In just a few short days, Saudi Energy Minister Khalid Al Falih had two major powers stripped away. Saudi Arabia split off the Ministry of Industry and Minerals from the Energy Ministry, diminishing Al Falih’s responsibilities.
A few days later, Al Falih was involved in another power shift when he announced he would be stepping down as chairman of Saudi Aramco, ahead of the IPO, no less. The official reason? To avoid potential conflict of interest as Aramco seeks to list publicly.
Notably, he is being replaced at Aramco by the current head of Saudi Arabia’s sovereign wealth fund, the Public Investment Fund (PIF).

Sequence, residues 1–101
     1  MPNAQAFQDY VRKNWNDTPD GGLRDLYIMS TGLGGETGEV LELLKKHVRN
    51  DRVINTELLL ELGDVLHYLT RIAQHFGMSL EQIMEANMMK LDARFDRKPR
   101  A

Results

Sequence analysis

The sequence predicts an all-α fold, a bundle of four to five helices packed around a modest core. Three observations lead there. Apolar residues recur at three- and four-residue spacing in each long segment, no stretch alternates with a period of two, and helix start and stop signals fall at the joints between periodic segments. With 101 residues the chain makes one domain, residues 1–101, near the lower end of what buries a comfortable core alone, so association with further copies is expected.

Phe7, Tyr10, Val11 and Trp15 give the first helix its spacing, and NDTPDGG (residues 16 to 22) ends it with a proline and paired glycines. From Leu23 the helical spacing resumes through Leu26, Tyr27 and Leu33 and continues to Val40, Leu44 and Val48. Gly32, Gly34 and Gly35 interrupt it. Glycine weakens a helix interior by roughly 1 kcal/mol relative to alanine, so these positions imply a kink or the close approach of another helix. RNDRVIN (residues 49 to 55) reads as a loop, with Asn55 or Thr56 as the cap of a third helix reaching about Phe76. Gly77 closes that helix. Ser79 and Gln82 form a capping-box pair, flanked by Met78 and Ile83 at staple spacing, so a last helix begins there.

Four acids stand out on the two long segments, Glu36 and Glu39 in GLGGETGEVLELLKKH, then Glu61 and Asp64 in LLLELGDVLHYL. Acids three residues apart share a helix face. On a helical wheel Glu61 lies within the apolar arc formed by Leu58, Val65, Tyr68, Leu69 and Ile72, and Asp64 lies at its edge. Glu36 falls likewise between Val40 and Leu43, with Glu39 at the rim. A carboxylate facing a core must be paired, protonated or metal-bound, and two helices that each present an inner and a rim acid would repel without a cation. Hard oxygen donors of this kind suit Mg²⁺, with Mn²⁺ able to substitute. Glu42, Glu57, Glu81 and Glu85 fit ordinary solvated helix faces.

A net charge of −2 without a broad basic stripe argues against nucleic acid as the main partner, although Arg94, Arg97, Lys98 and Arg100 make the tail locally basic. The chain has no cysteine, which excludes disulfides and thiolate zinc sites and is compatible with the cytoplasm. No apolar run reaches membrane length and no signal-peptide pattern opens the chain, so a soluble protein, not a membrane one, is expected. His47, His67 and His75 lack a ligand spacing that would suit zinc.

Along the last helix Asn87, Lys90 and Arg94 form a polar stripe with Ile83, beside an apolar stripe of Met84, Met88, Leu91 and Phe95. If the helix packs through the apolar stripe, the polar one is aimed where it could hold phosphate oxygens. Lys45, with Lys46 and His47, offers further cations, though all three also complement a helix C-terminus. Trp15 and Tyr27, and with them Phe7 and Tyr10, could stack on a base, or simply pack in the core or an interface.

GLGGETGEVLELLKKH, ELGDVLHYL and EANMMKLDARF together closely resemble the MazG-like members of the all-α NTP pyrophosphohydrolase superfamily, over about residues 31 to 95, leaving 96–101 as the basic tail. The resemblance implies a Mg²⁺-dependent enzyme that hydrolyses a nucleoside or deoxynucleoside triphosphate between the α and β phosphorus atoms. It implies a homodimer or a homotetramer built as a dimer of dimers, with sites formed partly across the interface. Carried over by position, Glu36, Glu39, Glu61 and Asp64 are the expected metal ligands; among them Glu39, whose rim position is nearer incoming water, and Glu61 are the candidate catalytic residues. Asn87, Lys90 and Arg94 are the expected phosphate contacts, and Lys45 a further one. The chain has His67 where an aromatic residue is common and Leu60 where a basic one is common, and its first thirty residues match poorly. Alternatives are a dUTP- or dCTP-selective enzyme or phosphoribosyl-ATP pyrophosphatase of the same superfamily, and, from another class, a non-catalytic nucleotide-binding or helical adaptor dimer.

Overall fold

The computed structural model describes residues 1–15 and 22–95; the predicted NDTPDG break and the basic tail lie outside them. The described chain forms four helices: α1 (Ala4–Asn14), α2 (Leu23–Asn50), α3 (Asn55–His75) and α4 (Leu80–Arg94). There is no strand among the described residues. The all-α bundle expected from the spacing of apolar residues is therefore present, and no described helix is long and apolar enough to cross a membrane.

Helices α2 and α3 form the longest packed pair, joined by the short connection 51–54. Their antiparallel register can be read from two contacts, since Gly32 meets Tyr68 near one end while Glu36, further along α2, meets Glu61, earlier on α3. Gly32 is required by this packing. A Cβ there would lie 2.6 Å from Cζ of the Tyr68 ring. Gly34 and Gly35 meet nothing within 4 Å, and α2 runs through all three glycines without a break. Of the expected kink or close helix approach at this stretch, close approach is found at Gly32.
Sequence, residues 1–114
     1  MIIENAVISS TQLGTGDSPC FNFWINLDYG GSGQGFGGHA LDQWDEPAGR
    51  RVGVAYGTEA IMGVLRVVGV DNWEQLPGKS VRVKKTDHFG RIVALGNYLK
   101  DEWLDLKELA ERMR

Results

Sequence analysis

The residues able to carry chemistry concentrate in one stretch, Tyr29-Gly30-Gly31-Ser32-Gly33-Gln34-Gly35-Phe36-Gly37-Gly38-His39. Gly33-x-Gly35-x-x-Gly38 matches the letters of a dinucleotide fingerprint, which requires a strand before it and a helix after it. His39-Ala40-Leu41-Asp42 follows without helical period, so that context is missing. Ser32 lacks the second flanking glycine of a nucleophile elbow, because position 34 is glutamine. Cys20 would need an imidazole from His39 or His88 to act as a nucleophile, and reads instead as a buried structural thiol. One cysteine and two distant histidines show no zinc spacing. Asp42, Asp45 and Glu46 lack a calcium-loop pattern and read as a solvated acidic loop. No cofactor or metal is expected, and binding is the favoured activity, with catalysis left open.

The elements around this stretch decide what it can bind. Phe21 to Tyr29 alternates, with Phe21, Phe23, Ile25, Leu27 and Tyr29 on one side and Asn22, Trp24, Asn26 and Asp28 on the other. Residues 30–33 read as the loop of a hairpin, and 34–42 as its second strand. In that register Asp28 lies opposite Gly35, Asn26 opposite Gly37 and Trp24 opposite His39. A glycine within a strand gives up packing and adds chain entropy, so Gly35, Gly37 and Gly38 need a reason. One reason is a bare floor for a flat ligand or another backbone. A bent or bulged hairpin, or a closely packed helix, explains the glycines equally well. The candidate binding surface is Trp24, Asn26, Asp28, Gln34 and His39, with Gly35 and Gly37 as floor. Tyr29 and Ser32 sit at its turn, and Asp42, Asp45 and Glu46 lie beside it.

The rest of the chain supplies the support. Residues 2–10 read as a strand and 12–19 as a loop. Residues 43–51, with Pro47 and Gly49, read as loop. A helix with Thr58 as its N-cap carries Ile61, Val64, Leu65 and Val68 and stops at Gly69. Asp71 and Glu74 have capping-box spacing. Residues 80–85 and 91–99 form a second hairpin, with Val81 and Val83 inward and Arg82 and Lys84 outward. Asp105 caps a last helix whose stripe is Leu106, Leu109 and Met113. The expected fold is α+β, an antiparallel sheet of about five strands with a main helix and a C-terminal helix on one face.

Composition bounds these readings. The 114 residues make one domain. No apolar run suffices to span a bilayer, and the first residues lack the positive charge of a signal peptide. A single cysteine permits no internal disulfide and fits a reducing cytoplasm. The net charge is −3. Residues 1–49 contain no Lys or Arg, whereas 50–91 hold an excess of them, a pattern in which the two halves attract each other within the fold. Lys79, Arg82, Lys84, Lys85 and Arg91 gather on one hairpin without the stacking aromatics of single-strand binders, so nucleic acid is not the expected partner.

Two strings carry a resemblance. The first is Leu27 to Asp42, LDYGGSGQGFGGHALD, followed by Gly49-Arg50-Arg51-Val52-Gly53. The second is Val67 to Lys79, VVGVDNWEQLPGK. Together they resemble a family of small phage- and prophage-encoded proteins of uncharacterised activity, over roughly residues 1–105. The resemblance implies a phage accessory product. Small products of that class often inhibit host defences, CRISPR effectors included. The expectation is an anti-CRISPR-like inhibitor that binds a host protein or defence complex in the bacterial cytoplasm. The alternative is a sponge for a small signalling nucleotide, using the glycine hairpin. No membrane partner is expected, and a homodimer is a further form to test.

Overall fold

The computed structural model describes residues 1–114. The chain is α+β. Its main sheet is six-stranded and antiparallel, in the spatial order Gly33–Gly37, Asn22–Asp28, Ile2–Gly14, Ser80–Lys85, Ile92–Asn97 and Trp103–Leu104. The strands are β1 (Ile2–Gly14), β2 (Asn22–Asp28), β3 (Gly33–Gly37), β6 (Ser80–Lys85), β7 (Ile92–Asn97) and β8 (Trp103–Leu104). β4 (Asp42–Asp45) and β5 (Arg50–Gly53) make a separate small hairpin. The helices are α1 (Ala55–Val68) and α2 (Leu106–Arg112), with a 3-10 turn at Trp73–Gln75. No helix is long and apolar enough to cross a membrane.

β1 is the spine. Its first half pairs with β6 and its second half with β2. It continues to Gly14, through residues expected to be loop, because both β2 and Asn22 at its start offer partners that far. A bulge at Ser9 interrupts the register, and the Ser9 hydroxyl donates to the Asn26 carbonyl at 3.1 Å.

Al Falih and MBS did not see eye to eye on the listing venue for Aramco. MBS wanted New York. But there is a wider divergence that has played out, as well. Al Falih has been one of the key figures working very subtly to subvert some of MBS’ most dangerous decisions. He is a common sense figure, and one of very few who is not a ‘yes-man’. When this all started, Al Falih was ordered to take Aramco public. Publicly, he did this very enthusiastically. Behind the scenes, he was sending reports to the Royal Court advising against the move because of low valuations. He also stood against the scheme to sell PIF shares in SABIC to Aramco - a purchase that did not make sense for Aramco, but that helped PIF gain a bit of liquidity. Again, Falih publicly agreed with the deal but attempted to subvert it behind the scenes; of course,…